Belgium is taking back control of the Grand Mosque of Brussels by terminating Saudi Arabia’s lease of the building with immediate effect over concerns it promotes radicalism, the government recently announced.
“The concession will be terminated immediately … in order to put an end to foreign interference in the way Islam is taught in Belgium,” the Belgian government said in a statement.
“From now on, the mosque will have to establish a lasting relation with the Belgian authorities, while respecting the laws and the traditions of our country, which convey a tolerant vision of Islam,” Justice Minister Koen Geens said. In what he described as a way to promote more “diversity and transparency” within the mosque’s Muslim community, he said it should train imams and display a cultural exhibit on “the achievements of the Muslim civilization.”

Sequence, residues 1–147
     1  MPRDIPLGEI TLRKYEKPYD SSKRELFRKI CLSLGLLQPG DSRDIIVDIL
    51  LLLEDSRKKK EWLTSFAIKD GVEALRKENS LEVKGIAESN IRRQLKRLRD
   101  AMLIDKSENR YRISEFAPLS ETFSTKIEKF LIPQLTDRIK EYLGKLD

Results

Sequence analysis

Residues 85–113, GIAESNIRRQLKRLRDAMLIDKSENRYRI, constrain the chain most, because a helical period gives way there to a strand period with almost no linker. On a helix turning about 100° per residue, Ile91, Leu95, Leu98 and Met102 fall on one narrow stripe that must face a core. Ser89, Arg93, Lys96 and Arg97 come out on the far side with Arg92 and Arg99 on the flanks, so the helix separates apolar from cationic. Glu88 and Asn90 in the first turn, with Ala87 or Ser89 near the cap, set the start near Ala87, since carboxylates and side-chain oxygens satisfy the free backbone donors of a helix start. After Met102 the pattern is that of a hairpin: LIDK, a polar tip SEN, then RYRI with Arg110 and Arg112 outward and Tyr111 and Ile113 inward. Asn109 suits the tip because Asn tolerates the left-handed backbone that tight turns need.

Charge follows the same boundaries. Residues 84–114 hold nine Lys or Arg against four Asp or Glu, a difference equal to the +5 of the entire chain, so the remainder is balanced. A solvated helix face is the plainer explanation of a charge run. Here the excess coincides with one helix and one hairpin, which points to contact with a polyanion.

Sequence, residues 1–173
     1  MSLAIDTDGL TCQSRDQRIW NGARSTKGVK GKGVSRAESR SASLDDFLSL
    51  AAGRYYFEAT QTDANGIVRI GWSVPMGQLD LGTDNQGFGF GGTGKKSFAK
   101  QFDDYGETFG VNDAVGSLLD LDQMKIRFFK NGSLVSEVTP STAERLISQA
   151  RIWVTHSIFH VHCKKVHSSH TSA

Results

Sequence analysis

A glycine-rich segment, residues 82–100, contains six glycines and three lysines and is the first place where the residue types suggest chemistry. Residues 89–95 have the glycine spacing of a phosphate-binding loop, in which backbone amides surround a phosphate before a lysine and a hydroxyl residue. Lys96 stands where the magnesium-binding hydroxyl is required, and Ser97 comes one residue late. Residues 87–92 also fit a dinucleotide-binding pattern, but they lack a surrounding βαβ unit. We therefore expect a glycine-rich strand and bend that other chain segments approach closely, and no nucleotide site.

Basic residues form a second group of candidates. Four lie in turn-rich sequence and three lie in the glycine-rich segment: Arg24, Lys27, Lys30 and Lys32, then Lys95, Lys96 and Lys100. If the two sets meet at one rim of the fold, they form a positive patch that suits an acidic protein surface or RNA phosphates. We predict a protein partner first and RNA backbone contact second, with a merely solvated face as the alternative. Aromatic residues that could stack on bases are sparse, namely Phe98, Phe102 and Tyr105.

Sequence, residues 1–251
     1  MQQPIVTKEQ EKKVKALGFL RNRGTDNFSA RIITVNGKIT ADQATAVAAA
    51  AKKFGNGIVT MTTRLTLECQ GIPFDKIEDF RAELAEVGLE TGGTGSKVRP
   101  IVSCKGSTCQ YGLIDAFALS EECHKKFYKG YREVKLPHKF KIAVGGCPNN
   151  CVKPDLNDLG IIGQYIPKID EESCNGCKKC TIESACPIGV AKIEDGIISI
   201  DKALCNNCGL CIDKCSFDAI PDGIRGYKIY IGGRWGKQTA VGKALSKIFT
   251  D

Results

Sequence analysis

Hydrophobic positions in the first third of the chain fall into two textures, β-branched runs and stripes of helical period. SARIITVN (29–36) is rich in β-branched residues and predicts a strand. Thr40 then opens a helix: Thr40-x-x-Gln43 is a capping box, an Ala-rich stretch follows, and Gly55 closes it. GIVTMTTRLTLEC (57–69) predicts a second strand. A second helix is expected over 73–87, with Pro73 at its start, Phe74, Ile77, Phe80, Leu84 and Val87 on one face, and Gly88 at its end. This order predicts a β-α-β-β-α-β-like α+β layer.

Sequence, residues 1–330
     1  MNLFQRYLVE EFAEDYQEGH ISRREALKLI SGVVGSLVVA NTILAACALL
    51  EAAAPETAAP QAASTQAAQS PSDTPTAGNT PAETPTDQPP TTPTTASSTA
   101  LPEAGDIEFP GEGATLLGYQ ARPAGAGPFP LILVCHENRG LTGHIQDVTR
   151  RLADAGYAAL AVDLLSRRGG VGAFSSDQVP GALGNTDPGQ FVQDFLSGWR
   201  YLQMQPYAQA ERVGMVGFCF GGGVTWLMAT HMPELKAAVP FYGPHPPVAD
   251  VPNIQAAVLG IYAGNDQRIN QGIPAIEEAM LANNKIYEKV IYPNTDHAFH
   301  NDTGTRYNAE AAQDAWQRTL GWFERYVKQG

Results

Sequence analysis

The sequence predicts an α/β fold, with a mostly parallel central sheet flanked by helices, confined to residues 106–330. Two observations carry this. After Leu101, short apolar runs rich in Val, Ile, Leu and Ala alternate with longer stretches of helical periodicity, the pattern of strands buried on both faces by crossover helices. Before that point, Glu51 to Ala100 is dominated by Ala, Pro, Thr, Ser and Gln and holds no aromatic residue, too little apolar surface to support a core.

The mosque is being turned over Belgium’s Muslim Executive.
One worshiper at the mosque denied it promoted radical ideas. “If there’s any evidence against the mosque, it would be the sermons themselves. But if you translate them, there’s nothing at all to do with terrorism or anything like that,” they said.
It’s the right move, says Khalid Hajji, President of the Brussels Forum of Wisdom and World Peace.
“The mosques needs to update the religious discourse propagated in Belgium and Europe,” Hajji said. “The Saudi decision is well-thought out and can be seen within the context of the opening that Saudi Arabia is currently undergoing.”
Adel El-Jubeir, Saudi Arabia’s Minister of Foreign Affairs, said his government would accept the decision. “Our policy is to do this with the local government’s full agreement. We will work with the Belgian government to ensure that everything is done in full transparency and in a way that promotes tolerance and inclusion rather than intolerance. We reject extremism and intolerance in Saudi Arabia, and we will pursue the same policy internationally,” he confirmed.